- Additional verbiage approved by the agency must be added to the Mortgage/Security Instrument. MERS Corporate Office can provide the correct state specific verbiage.
Toll Free: (800) 649-3366 Tel: (802) 876-6800
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18.5 Discharges Involving Mortgage Electronic Registration System (MERS)
When MERS is the record holder of a mortgage, the mortgage shall be discharged only by MERS. A valid discharge may be issued by (1) MERS, or (2) a member of MERS acting through a certifying officer of MERS.
Comment 1. MERS was created for the purpose of streamlining the mortgage process by eliminating the need to record assignments. When MERS is the mortgagee of record, a discharge is executed by an officer of MERS. MERS may also act as nominee for the lender and servicer and, if named as nominee, MERS remains as nominee regardless of how often the mortgage is sold.
Comment 2: MERS serves as mortgagee of record or as nominee for the beneficial owner of the mortgage loan. MERS becomes the mortgagee of record by assignment or in the original security instrument (MERS as Original Mortgagee or “MOM”). Once MERS is the mortgagee of record, subsequent assignments of the mortgage are not necessary upon a transfer of servicing to another MERS member or the sale of the beneficial interest in the note because MERS remains the mortgagee on behalf of the current owner and servicer. The servicer of a MERS-registered loan has the legal authority to discharge the mortgage on behalf of MERS because, as a member of MERS, authority was granted to their officers through a corporate resolution. The person authorized to sign discharges is sometimes referred to as a “certifying officer” by MERS.
Comment 3: A title examiner who finds a discharge signed by a member of MERS may presume that the signer was a duly appointed certifying officer.
Example: A Mortgage from “John and Mary Doe to MERS as nominee for ABC Bank” may be discharged by either: (a) a MERS certifying officer from ABC Bank or (b) by a MERS member other than ABC Bank acting through a certifying officer.
Comment 4: For assistance in obtaining a discharge or getting help from MERS, determining whether a particular lender is a member of MERS, information may be obtained from:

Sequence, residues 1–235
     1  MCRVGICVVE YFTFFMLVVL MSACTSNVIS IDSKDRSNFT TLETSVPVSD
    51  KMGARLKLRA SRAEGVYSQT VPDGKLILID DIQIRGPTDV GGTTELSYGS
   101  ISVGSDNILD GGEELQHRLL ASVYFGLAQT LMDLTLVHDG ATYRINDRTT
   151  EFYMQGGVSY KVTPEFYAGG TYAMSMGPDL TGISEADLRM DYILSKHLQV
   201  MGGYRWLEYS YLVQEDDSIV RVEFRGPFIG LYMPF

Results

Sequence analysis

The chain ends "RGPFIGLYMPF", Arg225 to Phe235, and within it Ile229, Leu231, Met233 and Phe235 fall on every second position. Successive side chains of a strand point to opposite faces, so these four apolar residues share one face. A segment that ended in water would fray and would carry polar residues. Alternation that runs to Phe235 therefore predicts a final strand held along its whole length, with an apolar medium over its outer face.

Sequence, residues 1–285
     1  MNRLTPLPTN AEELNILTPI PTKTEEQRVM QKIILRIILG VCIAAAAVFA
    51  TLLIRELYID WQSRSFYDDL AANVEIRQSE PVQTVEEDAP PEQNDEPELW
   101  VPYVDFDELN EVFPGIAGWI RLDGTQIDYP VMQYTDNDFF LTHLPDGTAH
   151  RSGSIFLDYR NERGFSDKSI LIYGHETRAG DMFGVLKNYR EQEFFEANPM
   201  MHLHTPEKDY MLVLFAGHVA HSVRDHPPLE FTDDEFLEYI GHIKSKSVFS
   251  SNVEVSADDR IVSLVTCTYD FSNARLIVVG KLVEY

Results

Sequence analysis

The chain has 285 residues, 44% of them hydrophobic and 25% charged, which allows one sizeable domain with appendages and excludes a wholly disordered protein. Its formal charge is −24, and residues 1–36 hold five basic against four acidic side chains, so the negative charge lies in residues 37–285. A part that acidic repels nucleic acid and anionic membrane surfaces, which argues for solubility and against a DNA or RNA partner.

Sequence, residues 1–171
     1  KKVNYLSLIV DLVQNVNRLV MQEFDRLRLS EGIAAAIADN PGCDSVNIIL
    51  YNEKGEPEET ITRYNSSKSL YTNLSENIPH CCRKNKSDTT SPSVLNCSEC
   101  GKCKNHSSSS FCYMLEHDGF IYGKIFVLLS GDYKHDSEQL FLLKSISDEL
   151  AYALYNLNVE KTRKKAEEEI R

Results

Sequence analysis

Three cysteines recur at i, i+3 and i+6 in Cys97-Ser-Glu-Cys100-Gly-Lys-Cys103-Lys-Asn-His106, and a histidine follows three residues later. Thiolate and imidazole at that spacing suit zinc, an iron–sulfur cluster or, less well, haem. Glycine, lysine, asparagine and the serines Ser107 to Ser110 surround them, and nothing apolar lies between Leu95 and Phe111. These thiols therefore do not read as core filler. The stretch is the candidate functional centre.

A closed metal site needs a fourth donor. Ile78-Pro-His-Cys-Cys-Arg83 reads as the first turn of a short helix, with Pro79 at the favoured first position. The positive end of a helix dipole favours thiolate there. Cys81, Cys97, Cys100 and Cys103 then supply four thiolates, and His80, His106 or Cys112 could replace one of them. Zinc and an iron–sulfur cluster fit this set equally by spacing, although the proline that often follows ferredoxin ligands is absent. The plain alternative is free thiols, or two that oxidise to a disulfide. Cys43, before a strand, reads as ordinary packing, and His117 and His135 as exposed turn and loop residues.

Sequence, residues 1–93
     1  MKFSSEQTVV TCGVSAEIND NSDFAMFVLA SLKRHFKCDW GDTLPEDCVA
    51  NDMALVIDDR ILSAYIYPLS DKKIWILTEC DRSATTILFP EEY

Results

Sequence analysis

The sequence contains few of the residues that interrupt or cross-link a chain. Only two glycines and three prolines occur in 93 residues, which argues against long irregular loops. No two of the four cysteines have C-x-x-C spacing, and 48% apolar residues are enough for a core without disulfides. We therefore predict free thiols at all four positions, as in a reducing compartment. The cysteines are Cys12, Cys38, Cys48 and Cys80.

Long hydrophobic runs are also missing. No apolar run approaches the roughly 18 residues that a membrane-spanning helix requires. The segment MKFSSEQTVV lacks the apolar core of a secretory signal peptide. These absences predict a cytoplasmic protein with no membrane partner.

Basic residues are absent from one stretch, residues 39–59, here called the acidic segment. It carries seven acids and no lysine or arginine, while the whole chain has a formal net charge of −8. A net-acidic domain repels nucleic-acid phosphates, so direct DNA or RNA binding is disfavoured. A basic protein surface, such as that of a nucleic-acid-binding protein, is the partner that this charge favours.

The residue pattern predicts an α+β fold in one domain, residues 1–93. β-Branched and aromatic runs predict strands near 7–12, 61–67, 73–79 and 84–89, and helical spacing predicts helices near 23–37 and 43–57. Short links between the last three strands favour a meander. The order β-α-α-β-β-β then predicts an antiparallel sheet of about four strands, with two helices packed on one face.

- MERS website: www.mersinc.org
- MERS Help Desk: 1.888.680.6377
- provide the Borrower’s SSN or the Mortgage Identification Number (MIN) on the mortgage and the automated system will provide the name of the current servicer.
Comment 5. A title examiner may consider information within the discharge to determine that the discharge was executed on behalf of MERS and is, therefore, a valid discharge of a MERS mortgage. Such information may include the existence of a MIN (MERS Mortgage Identification Number), a reference in the body or signature line to MERS, or a reference to an assignment to MERS.
September 26, 2008: This standard was added.
MERS & Mortgage Securitization
Mers & The Debt MERS does record the assignment in the actual real property records system. The actual note itself, is the creation of the legal obligation to have the loan/note repaid for the debt. Thus the note is the actual legal document which backs the debt. The debt itself has not been transferred or negotiated by MERS
• MERS does record the assignment in the actual real property records system. The actual note itself, is the creation of the legal obligation to have the loan/note repaid for the debt. Thus the note is the actual legal document which backs the debt. The debt itself has not been transferred or negotiated by MERS
• MERS is not legally entitled to receive monthly payments from the borrower. MERS cannot legally be entitled to benefit from a foreclosure in any sale of the home in a foreclosure sale.
• MERS does not own the mortgage note, thus it cannot attempt to foreclose.